New species of fossil bird from the Eosin period in Utah A new species of extinct bird similar to quail. A new species of extinct bird similar to quail has been identified from a fossil found in eastern Utah. Uintan paraortgid reconstruction. Image of Thomas Stidham. Nicknamed the paraortguia of Uintan.
The ancient bird lived about 44 million years ago during the Eosin period. It belongs to an extinct group, called paraortigde, which is a relative of live Galliformes, the group that includes live chicken, turkey, guinea fowl and quail.
This fits into a fossil record of intervals of approximately 15 million years in Gallic descent in North America. Uintan paraortygid is similar in small living galleries such as quail and mountainous parts, said Dr. Thomas Stidham.
And paleontologist at the Institute of Palaeontology and Paleoanthropology of Vertebrates, Chinese Academy of Sciences, and his colleagues. He probably lived before the development of the great harvest and gizzard we see in chickens and live turkeys.
So Utah species probably had a different diet than their living relatives. The first fossils of this group of paratigids are from dry habitats, seahorses and inland forests that show that they had resistance in ecology and diet.
Another interesting aspect of Uintan’s paraortygid is that it resembles the small size of sediments with a similar geological age of Namibia from South Asia and Uzbekistan in Central Asia and the unique shape of other early paraortygid fossils.
Which are interconnected by all the oceans, they were different. The researchers said: Persetigida fossils from Europe, Asia, Africa and North America show that the group extended very early in its evolution and crossed the oceans so that it could spread widely.
The scapula of the parantagid Untan. A small, distinctive bone was collected from the shoulder waist of the Uintan paraortgid of the Uinta Formation in the Uinta Basin, Utah. The scientist of the University of the Midwest, Drs. Beth Townsend said:
The new Uinta bird not only fills the time gaps, but also helps us better understand the animal community. The Uinta basin is important for understanding ecosystems in times of global hot temperatures, when forests, primates and the first horses spread over an area that is now a desert.
The discovery of this new paraortgid shows us that the small birds that inhabited the ground were part of these ancient forests and could compete with the first mammals for resources.
Small abnd incomplete fossils can also provide data to connect global scientific questions, Dr. Stidham said.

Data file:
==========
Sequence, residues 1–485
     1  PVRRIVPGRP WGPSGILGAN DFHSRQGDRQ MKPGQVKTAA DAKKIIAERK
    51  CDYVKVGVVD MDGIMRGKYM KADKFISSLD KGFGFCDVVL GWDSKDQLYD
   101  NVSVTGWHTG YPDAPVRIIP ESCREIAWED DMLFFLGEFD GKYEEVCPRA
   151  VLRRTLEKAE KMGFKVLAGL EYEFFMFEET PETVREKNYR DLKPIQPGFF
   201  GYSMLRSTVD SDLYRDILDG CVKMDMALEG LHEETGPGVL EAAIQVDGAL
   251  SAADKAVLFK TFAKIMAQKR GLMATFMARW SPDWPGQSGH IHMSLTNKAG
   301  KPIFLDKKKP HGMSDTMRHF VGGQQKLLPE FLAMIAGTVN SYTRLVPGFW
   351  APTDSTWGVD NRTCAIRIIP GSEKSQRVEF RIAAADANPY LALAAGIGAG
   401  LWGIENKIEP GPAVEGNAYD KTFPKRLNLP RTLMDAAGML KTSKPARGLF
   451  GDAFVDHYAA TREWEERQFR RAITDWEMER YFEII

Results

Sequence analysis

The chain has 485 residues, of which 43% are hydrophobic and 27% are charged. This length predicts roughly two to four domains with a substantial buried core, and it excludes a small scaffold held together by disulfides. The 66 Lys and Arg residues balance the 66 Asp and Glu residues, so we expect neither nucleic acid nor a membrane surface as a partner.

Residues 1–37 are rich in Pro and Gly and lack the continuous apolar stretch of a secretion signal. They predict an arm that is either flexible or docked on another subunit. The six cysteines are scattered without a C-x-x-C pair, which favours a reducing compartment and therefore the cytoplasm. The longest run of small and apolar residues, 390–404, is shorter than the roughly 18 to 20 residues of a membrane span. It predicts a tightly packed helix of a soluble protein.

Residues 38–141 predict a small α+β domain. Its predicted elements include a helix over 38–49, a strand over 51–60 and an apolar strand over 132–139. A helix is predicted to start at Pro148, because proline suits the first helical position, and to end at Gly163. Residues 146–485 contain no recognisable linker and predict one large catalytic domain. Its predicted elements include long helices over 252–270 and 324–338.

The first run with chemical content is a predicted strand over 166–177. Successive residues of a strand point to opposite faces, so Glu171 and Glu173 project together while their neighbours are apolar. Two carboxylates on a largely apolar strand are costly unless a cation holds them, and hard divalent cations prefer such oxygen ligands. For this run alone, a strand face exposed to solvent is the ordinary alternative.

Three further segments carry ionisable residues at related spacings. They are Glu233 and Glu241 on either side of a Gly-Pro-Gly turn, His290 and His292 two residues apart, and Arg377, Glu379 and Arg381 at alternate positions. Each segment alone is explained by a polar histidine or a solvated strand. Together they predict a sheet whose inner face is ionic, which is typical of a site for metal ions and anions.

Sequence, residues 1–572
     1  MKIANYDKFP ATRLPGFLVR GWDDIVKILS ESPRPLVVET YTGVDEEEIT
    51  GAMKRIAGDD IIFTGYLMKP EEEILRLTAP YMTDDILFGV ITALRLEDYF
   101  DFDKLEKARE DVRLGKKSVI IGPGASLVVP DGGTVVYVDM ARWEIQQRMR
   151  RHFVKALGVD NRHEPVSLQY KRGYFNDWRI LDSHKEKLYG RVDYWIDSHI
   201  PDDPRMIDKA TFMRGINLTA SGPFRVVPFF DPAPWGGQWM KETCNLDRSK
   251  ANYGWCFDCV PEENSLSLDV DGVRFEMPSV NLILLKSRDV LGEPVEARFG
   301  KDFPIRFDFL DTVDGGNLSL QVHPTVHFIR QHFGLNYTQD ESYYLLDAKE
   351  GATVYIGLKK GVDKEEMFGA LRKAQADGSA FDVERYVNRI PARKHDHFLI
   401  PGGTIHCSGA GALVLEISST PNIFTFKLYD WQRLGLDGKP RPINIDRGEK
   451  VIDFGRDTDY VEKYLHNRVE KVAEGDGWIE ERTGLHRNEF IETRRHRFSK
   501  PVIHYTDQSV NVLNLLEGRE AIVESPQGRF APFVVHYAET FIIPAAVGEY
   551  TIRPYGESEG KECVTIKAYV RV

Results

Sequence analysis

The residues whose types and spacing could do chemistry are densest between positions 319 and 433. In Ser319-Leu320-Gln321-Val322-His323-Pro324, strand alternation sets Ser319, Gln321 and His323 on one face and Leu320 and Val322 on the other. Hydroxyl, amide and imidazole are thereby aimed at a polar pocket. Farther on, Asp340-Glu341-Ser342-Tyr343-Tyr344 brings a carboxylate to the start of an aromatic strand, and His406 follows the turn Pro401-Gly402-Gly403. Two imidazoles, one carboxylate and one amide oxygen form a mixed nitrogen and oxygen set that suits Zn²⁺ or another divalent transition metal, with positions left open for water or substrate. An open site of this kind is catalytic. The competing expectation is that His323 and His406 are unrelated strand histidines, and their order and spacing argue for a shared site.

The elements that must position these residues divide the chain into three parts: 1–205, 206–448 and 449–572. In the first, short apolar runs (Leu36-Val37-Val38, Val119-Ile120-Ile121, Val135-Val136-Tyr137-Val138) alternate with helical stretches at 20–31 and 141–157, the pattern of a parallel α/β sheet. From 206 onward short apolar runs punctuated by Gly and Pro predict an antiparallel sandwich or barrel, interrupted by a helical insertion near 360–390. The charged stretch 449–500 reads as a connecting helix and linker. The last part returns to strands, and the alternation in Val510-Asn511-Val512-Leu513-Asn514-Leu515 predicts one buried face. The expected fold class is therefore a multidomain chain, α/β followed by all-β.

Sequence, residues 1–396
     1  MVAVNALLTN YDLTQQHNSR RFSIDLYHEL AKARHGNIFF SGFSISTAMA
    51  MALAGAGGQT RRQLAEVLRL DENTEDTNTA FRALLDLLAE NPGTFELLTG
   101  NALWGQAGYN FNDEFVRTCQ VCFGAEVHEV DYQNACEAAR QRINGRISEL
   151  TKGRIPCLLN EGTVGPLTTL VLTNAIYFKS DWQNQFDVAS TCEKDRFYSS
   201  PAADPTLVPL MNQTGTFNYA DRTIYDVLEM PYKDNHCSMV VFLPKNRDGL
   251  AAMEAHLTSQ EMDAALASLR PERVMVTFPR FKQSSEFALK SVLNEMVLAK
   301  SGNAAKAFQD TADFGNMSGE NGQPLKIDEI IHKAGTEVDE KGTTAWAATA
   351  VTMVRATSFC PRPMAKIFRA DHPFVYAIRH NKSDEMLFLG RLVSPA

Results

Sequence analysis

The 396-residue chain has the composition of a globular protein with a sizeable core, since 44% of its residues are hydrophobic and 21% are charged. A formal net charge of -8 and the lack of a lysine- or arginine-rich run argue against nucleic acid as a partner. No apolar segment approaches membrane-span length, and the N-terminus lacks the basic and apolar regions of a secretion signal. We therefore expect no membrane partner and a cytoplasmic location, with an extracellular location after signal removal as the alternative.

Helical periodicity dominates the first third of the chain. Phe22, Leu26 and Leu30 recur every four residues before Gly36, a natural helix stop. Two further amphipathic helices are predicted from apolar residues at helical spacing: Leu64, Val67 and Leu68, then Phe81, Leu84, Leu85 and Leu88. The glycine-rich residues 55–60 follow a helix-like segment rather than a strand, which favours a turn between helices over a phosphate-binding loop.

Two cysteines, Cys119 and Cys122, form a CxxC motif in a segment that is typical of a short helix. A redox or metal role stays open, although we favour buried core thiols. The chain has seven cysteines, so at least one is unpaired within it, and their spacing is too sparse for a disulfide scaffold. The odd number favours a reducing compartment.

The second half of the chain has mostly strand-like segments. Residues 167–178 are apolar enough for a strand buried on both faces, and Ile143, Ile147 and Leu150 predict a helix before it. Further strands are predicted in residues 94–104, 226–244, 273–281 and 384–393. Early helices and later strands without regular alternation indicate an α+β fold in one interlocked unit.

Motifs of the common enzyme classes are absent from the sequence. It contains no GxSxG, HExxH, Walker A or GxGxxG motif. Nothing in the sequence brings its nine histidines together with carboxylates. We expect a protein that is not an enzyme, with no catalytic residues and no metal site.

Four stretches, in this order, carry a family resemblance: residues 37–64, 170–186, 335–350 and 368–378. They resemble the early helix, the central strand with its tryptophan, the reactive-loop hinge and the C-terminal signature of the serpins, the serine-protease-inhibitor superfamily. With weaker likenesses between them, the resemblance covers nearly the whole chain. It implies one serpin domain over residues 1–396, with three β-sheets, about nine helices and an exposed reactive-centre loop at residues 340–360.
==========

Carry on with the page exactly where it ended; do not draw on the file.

The findings were published in Diversity magazine. The discovery of the smallest known Mesozoic dinosaur reveals new species in bird development. The discovery of a small, bird-like skull, described in an article published in Nature, reveals a new species.
The Oculudentavis khungrai, that may have represented the smallest known Mesozoic dinosaur in the fossil record. While working on fossils in northern Myanmar, Lars Schmitz, associate professor of biology, W.M.
The KK Science Department and a team of international researchers discovered an apparently mature skull specimen in Burmese amber. The smallest living bird is the same size as bee sparrows.
“Preserving amber vertebrae is rare, and it provides us with a window into the world of dinosaurs at the lower end of the body-size spectrum,” said Schmitz. “Its unique physical characteristics point to one of the smallest and oldest birds.”
The team studied the characteristic features of the specimen with high-resolution synchrotron scans to determine how the skull of the Oculudentvis dagger differed from other bird-like dinosaur specimens of the time.
They found that the shape and size of the eye bones suggested a complete lifestyle. But they also revealed striking similarities to the eyes of modern lizards. The skull also displays a unique fusion pattern between various bone elements.
As well as the appearance of the teeth. The researchers concluded that the small sample size and the unusually never-before-seen combination suggests characteristics.
The discovery represents a specimen that was previously missing from the fossil record and provides new implications for understanding bird evolution, demonstrating extreme miniaturization of avian body size in the development process.
Specimen preservation also highlights the ability of amber deposits to reveal vertebrate body size minima. No other group of live birds has species with an equally small skull in adults, said Schmitz.
This discovery tells us that we only have a small glimpse of what small vertebrates looked like in the age of dinosaurs.